Two New Chicken Papers From Our Research!

We have just published two linked papers (previously posted here as preprints) on broiler chicken anatomy and physiology/biomechanics, with a focus on changes across ontogeny (development), which can be downloaded from the FREE, open access online journal PeerJ We welcome your input on those papers here or in the site’s comments section. Abstracts etc. below:

Paper 1:
Anatomical and biomechanical traits of broiler chickens across ontogeny. Part I. Anatomy of the musculoskeletal respiratory apparatus and changes in organ size.

Genetic selection for improved meat yields, digestive efficiency and growth rates have transformed the biology of broiler chickens. Modern birds undergo a 50-fold multiplication in body mass in just six weeks, from hatching to slaughter weight. However, this selection for rapid growth and improvements in broiler productivity is also widely thought to be associated with increased welfare problems as many birds suffer from leg, circulatory and respiratory diseases. To understand growth-related changes in musculoskeletal and organ morphology and respiratory skeletal development over the standard six-week rearing period, we present data from post-hatch cadaveric commercial broiler chickens aged 0, 2, 4 and 6 weeks. The heart, lungs and intestines decreased in size for hatch to slaughter weight when considered as a proportion of body mass. Proportional liver size increased in the two weeks after hatch but decreased between 2 and 6 weeks. Breast muscle mass on the other hand displayed strong positive allometry, increasing in mass faster than the increase in body mass. Contrastingly, less rapid isometric growth was found in the external oblique muscle, a major respiratory muscle that moves the sternum dorsally during expiration. Considered together with the relatively slow ossification of elements of the respiratory skeleton, it seems that rapid growth of the breast muscles might compromise the efficacy of the respiratory apparatus. Furthermore, the relative reduction in size of the major organs indicates that selective breeding in meat-producing birds has unintended consequences that may bias these birds toward compromised welfare and could limit further improvements in meat-production and feed efficiency.


Paper 2:
Anatomical and biomechanical traits of broiler chickens across ontogeny. Part II. Body segment inertial properties and muscle architecture of the pelvic limb.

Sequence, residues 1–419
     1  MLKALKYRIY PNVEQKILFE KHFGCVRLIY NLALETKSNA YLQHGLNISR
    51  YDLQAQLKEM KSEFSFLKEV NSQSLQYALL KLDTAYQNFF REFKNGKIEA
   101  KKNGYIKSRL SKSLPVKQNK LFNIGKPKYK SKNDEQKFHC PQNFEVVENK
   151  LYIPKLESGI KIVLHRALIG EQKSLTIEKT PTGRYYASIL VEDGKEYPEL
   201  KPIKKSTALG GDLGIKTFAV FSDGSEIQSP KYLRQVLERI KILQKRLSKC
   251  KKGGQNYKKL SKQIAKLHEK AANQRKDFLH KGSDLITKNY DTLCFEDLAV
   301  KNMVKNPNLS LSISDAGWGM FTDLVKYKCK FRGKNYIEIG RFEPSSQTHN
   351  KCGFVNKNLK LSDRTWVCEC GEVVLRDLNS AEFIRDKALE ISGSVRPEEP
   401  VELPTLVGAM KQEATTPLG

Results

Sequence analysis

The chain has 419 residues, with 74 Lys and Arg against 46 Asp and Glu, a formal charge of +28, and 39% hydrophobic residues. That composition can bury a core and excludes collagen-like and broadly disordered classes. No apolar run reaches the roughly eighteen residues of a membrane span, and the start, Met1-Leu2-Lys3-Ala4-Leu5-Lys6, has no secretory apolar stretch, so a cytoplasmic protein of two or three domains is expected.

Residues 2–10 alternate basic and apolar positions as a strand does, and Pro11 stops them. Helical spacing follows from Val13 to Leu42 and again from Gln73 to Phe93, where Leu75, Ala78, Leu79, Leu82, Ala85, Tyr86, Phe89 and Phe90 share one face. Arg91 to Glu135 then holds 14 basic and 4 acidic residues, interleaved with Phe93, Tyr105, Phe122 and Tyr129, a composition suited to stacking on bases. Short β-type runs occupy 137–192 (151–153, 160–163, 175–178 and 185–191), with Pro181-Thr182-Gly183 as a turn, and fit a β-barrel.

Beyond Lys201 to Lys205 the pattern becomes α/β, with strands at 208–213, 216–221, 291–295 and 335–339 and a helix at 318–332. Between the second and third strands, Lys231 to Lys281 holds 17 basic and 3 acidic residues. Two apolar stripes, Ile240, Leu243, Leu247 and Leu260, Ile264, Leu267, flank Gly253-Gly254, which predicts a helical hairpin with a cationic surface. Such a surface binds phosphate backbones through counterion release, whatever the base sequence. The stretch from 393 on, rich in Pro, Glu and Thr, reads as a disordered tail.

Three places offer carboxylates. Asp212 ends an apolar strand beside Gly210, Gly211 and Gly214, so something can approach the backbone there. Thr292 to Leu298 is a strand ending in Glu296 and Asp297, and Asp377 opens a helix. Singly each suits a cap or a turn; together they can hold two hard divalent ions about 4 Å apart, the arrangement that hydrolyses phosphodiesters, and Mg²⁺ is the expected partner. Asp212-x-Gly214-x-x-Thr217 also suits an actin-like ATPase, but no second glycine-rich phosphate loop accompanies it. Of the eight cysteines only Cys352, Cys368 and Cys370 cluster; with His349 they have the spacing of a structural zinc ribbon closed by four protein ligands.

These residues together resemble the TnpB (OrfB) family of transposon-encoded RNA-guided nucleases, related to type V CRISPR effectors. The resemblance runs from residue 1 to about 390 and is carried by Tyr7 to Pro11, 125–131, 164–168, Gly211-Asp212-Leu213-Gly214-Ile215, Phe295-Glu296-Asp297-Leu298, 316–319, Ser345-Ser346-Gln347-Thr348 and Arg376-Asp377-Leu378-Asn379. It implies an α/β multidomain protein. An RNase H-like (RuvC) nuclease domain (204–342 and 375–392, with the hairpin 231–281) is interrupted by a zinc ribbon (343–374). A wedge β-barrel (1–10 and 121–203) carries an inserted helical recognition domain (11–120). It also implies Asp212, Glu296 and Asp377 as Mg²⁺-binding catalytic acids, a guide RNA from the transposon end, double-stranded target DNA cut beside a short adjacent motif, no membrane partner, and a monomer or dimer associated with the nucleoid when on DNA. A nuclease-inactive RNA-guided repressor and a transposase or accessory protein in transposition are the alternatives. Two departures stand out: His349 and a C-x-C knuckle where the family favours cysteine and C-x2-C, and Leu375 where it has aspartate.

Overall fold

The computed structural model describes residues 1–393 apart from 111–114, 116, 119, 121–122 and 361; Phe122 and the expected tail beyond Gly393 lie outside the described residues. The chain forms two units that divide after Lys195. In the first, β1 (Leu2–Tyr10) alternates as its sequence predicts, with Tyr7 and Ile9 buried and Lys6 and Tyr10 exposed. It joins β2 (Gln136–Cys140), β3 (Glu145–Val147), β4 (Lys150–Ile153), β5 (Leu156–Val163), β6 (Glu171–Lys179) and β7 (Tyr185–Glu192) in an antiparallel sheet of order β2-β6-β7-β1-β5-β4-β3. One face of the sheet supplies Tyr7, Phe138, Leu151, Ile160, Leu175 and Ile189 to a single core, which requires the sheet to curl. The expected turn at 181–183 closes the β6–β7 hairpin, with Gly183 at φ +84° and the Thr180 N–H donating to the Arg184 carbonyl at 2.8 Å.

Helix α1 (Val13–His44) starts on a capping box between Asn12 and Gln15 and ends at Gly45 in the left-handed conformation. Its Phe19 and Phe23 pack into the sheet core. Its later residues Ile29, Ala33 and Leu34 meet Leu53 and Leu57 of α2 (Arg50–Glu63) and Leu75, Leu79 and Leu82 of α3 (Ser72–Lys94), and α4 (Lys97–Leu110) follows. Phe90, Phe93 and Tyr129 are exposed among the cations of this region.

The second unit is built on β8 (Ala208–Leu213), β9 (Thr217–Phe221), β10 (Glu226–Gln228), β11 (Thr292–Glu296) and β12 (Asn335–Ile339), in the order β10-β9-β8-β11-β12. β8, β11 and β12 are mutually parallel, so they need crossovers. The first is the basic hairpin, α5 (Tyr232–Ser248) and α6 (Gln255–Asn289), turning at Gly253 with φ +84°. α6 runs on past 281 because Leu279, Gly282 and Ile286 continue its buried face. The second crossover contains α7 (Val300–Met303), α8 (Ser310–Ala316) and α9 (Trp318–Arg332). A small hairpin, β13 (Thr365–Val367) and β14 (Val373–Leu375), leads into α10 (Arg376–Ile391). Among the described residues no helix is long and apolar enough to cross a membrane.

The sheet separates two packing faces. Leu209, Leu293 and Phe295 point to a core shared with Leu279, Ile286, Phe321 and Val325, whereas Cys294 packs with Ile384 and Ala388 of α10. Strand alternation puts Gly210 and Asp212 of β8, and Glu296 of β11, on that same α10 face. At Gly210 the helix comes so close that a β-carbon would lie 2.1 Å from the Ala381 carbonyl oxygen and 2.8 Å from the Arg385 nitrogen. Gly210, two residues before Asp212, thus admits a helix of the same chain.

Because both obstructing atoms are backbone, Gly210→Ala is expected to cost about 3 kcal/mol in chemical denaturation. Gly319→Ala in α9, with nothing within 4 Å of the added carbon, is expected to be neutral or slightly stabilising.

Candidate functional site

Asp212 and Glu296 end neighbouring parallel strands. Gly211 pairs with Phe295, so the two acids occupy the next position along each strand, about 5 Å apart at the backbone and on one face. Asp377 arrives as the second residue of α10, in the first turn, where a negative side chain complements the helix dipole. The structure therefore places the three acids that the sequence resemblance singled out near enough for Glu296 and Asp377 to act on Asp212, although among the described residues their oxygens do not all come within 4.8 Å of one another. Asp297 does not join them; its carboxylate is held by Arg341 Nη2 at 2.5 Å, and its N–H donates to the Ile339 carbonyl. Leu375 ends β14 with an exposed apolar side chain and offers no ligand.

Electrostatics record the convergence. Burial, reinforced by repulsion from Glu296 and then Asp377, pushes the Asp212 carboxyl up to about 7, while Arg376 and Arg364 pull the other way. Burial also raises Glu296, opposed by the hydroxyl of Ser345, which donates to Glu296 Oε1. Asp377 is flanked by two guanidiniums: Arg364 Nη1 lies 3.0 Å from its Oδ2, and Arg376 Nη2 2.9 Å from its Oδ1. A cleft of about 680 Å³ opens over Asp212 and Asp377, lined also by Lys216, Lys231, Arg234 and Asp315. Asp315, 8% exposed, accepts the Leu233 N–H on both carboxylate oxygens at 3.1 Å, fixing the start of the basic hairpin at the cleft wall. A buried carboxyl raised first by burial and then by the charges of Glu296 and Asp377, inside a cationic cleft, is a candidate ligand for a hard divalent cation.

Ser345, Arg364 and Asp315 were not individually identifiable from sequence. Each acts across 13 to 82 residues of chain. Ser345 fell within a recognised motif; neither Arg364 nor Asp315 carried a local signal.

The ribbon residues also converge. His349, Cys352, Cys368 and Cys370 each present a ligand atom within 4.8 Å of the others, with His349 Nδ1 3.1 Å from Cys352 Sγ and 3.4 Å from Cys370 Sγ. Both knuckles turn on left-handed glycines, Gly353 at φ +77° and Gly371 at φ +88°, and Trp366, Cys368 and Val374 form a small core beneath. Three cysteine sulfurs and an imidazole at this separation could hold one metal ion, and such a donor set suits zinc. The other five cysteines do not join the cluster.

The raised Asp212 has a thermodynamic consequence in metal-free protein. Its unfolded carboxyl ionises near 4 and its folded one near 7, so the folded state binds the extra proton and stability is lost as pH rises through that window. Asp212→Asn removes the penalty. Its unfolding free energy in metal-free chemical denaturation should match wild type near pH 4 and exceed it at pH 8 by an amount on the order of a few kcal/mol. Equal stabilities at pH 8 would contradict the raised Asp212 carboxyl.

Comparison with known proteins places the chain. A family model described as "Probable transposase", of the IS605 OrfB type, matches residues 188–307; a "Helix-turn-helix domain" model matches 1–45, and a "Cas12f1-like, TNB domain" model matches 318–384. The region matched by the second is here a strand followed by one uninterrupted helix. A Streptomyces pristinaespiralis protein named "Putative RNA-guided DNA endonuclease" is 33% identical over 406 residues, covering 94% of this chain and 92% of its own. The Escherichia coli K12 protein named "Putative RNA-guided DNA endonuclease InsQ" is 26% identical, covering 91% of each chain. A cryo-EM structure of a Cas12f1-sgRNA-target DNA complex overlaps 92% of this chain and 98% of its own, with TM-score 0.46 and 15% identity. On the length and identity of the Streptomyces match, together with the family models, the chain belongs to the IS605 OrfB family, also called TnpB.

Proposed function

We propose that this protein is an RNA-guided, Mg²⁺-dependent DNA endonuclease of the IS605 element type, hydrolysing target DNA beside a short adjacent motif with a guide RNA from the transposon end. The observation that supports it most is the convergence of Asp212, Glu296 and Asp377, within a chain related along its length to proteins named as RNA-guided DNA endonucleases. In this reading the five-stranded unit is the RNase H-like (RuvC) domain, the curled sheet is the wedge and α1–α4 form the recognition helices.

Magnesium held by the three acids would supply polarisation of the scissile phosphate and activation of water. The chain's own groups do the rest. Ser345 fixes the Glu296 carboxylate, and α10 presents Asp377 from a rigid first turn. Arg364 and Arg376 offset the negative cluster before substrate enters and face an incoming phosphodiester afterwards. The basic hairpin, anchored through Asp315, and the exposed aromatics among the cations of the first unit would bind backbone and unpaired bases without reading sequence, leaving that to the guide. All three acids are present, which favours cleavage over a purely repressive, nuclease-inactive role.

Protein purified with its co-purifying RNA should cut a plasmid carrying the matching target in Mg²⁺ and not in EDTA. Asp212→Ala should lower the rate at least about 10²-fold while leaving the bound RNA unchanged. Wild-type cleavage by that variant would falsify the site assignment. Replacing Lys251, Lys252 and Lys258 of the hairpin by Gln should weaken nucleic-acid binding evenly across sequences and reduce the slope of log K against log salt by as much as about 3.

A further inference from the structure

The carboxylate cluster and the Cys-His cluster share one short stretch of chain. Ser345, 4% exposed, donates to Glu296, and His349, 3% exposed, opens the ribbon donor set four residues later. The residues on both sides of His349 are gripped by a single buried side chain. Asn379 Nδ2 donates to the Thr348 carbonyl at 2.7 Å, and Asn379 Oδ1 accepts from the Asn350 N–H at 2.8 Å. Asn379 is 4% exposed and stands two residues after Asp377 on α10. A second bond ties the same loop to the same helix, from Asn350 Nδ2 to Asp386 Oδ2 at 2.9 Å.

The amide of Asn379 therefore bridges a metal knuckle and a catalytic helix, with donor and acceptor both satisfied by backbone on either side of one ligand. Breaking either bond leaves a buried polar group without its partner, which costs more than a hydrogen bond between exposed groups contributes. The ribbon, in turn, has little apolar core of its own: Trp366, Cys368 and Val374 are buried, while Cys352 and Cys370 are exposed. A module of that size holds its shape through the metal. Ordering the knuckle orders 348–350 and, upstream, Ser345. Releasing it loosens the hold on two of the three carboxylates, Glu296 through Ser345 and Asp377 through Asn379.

In broiler chickens, genetic success for desired production traits is often shadowed by welfare concerns related to musculoskeletal health. Whilst these concerns are clear, a viable solution is still elusive. Part of the solution lies in knowing how anatomical changes in afflicted body systems that occur across ontogeny influence standing and moving. Here, to demonstrate these changes we quantify the segment inertial properties of the whole body, trunk (legs removed) and the right pelvic limb segments of five broilers at three different age groups across development. We also consider how muscle architecture (mass, fascicle length and other properties related to mechanics) changes for selected muscles of the pelvic limb. All broilers used had no observed lameness, but we document the limb pathologies identified post mortem, since these two factors do not always correlate, as shown here. The most common leg disorders, including bacterial chondronecrosis with osteomyelitis and rotational and angular deformities of the lower limb, were observed in chickens at all developmental stages. Whole limb morphology is not uniform relative to body size, with broilers obtaining large thighs and feet between four and six weeks of age. This implies that the energetic cost of swinging the limbs is markedly increased across this growth period, perhaps contributing to reduced activity levels. Hindlimb bone length does not change during this period, which may be advantageous for increased stability despite the increased energetic costs. Increased pectoral muscle growth appears to move the centre of mass cranio-dorsally in the last two weeks of growth. This has direct consequences for locomotion (potentially greater limb muscle stresses during standing and moving). Our study is the first to measure these changes in the musculoskeletal system across growth in chickens, and reveals how artificially selected changes of the morphology of the pectoral apparatus may cause deficits in locomotion.


Two images of broiler chickens from the papers: Left, the post-hatching development of the ribcage; Right, a biomechanical model of limb mechanics.

Two images of broiler chickens from the papers: Left, the post-hatching development of the ribcage; Right, a biomechanical model of limb mechanics.

Cluck away!